I need a helical gear made can’t find one is 16dp 10 tooth runs a rack gear on grinder do u cut gears thanks Myron Hawn mulehawn@gmail.com 828-729-4628

You can buy something like this from Hinchcliffe Precision Components for £12 plus vat and p and p but the helix angle is 17 45 and this must match that on your rack.

john f

Excuseme sr, I guess the cutter for a spur gear with 34 teeth is no 5. Not no 4. Very useful the explanation. Best regards

I dont know what bit of my text you are refering to but…

A spur gear is one with straight teeth ie is not helical 34 teeth would normally be no 4 which does 26-34. for a helical gear with n teeth then if m=n/cos^3(helix angle) then use the cutter for m teeth to cut n teeth. (check this yourself).

john f

I want to produce my own prototype that is a 90 degrees crossed helical geal. I have made my own calculation with a surprise. My finished part is 13 teeth and according to the calculation a need a gear cutter for 37 teeth. Is this procedure righ applicable for 90 crossed helical gear?. Am I in the right way? Thank you in advance. Best regards.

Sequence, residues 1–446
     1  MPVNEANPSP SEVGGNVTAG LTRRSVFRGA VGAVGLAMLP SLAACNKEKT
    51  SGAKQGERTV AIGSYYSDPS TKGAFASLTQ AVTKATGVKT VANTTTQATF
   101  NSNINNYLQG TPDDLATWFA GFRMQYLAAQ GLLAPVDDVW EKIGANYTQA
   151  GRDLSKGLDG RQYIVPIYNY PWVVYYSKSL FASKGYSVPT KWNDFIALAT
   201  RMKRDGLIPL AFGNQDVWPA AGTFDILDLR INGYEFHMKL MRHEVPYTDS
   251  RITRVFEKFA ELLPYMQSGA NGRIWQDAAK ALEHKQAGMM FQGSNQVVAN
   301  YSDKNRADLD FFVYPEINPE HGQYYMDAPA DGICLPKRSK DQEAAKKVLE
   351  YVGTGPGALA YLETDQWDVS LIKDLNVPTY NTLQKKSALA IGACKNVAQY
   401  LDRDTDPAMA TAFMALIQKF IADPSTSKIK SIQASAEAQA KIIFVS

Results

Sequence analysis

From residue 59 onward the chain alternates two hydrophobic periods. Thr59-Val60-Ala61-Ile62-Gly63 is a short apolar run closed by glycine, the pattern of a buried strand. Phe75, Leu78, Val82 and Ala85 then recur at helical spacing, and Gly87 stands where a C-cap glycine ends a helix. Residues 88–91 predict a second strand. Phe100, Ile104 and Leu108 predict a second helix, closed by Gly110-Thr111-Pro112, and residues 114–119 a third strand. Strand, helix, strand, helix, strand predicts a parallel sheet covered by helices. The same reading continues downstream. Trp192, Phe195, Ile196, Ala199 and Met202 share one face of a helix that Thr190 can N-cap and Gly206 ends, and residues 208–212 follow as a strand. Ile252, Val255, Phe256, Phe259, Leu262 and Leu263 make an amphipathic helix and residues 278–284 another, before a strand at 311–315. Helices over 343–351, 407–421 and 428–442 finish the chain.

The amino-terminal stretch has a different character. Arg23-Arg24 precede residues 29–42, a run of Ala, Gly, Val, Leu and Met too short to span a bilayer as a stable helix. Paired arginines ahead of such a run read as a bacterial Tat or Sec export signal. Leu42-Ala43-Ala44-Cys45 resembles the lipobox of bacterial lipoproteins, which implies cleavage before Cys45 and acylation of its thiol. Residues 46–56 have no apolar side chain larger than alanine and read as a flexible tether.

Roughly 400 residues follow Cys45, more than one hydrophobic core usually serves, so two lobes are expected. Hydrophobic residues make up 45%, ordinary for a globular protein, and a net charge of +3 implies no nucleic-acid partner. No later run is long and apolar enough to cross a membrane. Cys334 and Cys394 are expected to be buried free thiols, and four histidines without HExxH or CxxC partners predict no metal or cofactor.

I suspect you are right. One way of checking is to look up a similar gear in a catalogue from a gear supplier. This will not though give you the size of the cutter but will give you all the other dimensions.

john f

I have a older Kenmore sewing machine with a broken feed dog helical cut gear. It is the only plastic gear in the machine and is unavailable. Can I ask if you would be interested in reproducing this gear.

I would cost less to buy a new sewing machine – however it is possible to buy gears ready made quite cheaply. These are made in vast number in many different sizes.

The last time I bought gears off the shelf was from Hinchcliffe Precision Gears in Chesterfield(?)

john f

dear sir,

is there anyway to fabricate a spiral bevel gear on the same machine.

Sorry. I dont know.

I suspect that the best way of doing this would be to use a cnc machine with

a piece of software for making gears such Gearotic.

john f

effective blog

Thanks

This is the most popular page on my website.

john

hello can you help me how to calculate this if you have any table

Using Hobnail the gear train suggested (using a very limited set of gears) was:

100, 86, 64, 48

The whole point of hobnail is that it does the calculation – you don’t.. If you look carefully you will see it gives you the error these gears will give you. Try it with a calculator to check it.

john f